Coloured green this Mary is a preacher, not the scarlet woman taken in adultery. Joanne’s paper raised fascinating questions about the role of women in the early church, and how varied religious beliefs were interpreted in iconography across Renaissance Europe. What does this mean for how we interpret Mary Magdalen? What did the people of the Renaissance Alps see and believe about their green Magdalen and why was she so different to the sexualised southern Italian Mary draped in red?

The art of ‘scrying’

Stephen Clucas (Birkbeck) posed related themes about sight, conventions and belief in his talk on John Dee and the art of seeing or ‘scrying’. Dee’s active participation in the practice of crystallomancy raises many questions about Renaissance ways of seeing. Did Dee’s scryer, Edward Kelly, see and converse with angels through a crystal ball? Was Kelly a charlatan, mentally ill or taking drugs? Does it matter?

Stephen’s paper asked us to think about what Dee believed he was seeing, and how that was influenced by conventional Renaissance images of angels. Ultimately asking how does what we expect to see, through belief and convention, influence what we do see?

Sight, convention and interpretation

The final two papers continued those themes of sight, convention and interpretation by giving us ways to look at things that are simultaneously there and not there. Dr Paul Taylor (Warburg Institute) discussed the inherent tensions in imitation. Do you draw from nature or follow a schematic that represents nature? And which produces the more apparently realistic image?

Looking at Renaissance images of hair, lips and trees Paul demonstrated how the mind fills in gaps so that we see and understand things that aren’t really there. In contrast Gill Woods (Birkbeck) showed us how early modern plays told the mind not to see things that really were there. Going invisible on the Renaissance stage required imagination, cued by words, use of conventions and ultimately a leap of faith to both see and not see the entirely visible.

Ways of seeing

So to conclude, what did the session show us about Renaissance ways of seeing?

Collectively the panel gave us Renaissance religious, artistic and theatrical ways of seeing but also showed us ways of seeing the Renaissance. It seems to me that Gill’s recipe for looking beyond the visible represents how we see and interpret the Renaissance today. Our research requires us to understand convention but then to look beyond it (sometimes with a leap of faith) to see what others haven’t.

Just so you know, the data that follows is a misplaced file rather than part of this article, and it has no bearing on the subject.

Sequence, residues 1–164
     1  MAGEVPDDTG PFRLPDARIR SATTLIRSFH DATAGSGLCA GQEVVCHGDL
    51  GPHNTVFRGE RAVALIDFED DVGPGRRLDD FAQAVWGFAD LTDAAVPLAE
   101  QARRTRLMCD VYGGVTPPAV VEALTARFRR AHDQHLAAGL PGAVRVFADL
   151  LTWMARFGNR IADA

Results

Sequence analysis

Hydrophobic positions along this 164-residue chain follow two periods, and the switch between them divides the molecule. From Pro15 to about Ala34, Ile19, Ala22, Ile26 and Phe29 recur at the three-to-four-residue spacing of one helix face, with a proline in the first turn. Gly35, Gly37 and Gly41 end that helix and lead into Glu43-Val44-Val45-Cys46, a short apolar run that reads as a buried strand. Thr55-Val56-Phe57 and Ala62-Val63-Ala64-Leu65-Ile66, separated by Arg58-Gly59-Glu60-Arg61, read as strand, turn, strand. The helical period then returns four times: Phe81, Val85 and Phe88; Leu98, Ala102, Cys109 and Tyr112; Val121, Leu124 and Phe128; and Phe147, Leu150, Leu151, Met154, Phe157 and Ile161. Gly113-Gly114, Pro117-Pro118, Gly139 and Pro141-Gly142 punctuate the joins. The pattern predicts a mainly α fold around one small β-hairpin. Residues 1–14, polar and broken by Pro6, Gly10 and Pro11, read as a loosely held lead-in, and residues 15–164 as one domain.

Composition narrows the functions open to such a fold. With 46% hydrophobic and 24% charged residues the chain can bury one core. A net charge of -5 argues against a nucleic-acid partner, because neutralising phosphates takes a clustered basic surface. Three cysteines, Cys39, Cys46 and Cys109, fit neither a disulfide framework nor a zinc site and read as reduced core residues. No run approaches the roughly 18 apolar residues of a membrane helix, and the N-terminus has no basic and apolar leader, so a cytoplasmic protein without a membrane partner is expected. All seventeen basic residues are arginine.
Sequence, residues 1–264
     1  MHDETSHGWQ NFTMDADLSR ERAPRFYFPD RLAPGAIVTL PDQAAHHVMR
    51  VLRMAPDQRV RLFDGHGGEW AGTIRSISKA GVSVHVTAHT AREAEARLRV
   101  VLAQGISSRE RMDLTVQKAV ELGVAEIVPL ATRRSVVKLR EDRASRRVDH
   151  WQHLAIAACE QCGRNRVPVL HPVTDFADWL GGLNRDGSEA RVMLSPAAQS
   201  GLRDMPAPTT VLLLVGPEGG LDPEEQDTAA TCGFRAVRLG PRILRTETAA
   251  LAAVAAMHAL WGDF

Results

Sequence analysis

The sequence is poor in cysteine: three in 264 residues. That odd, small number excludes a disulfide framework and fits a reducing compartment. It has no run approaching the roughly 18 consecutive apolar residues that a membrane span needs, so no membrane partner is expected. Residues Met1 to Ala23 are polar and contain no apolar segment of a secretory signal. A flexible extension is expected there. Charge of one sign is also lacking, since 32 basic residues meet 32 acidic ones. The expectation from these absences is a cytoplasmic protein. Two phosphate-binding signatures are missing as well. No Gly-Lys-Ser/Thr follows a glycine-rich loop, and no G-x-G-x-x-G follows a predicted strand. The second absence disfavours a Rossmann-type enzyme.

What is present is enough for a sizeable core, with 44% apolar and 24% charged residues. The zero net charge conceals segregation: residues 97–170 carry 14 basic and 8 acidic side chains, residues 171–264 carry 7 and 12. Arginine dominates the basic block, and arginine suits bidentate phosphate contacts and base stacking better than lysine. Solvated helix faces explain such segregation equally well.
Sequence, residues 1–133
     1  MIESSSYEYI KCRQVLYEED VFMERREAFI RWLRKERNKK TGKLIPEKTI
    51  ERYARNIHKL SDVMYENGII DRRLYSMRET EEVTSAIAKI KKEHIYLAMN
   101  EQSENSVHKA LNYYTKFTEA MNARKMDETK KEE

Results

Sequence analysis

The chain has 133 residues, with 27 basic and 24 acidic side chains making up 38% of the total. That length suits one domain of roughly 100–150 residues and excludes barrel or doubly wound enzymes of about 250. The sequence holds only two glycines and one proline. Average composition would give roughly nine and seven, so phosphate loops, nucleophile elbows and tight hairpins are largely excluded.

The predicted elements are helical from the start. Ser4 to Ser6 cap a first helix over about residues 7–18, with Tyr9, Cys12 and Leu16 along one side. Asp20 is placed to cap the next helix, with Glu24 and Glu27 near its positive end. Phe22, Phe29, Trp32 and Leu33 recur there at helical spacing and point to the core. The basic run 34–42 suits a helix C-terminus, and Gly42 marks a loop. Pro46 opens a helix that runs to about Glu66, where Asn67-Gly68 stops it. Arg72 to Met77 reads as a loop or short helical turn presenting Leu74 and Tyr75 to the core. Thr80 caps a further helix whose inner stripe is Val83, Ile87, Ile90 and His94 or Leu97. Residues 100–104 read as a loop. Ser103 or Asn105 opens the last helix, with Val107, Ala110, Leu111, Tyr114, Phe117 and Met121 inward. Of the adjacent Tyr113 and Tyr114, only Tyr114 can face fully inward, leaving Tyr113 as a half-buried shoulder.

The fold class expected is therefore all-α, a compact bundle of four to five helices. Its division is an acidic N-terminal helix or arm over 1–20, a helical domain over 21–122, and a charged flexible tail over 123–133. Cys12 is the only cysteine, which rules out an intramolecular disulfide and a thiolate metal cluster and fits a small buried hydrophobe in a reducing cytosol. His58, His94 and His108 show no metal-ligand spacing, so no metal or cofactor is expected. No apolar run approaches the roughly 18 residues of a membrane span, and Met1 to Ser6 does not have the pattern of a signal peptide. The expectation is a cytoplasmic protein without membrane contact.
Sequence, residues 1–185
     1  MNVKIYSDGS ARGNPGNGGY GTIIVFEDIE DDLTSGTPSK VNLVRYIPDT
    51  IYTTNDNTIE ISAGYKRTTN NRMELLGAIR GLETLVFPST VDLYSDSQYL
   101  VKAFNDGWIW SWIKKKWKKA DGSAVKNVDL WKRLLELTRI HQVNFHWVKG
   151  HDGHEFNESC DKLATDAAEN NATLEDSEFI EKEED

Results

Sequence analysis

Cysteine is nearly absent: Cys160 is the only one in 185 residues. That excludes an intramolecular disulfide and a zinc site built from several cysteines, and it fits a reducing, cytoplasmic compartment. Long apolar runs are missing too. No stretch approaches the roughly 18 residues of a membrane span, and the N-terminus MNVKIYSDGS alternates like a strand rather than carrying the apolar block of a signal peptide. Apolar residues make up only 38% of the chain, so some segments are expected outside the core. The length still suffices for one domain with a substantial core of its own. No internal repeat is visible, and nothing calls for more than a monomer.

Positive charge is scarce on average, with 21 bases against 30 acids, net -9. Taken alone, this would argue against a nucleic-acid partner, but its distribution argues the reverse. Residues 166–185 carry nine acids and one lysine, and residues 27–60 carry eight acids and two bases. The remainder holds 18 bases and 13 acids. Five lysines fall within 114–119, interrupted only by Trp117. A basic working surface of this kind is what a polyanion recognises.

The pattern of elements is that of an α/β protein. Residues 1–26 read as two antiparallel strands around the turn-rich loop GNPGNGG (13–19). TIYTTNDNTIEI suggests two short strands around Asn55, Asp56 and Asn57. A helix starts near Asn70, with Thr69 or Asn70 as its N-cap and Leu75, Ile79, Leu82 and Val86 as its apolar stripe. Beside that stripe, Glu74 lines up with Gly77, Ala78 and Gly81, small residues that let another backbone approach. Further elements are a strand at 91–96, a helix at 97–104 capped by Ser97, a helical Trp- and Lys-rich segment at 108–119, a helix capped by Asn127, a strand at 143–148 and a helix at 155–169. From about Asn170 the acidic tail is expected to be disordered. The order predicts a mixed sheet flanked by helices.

Perhaps then this makes us all scryers, looking into Renaissance objects in the hope of opening up a conversation with the past.

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Petrocultures explored: The oil dependency of contemporary life

This post was contributed by Sami Salo, who is currently studying the Cultural and Critical Studies MA at Birkbeck’s School of Arts

Microsoft Word - Petrocultures Panel Poster.docx

Microsoft Word – Petrocultures Panel Poster.docx

Oil is the ‘energy unconscious,’ the often unspoken, yet, constantly present component in most key functions of modern society. As well as being present in my immediate surroundings – in the plastic of my computer keyboard, in the lotion I rub on my hands – the energy from oil underwrites the agribusiness that produces cheap food for an ever-increasing global population, and, perhaps most significantly, oil fuels our communications, the transport systems that shrink space and enable the unprecedented movement of people and goods around the globe.

Considering this ubiquitousness of oil, it is striking that the role of oil is not discussed more in our culture. The Arts Week panel discussion Environmental Futures: Oil, Ecology, Petrocultures, held at Birkbeck on 18 May, centred on questions about the oil-dependency of contemporary life and the ways in which this dependency can be represented.

Peak oil and science fiction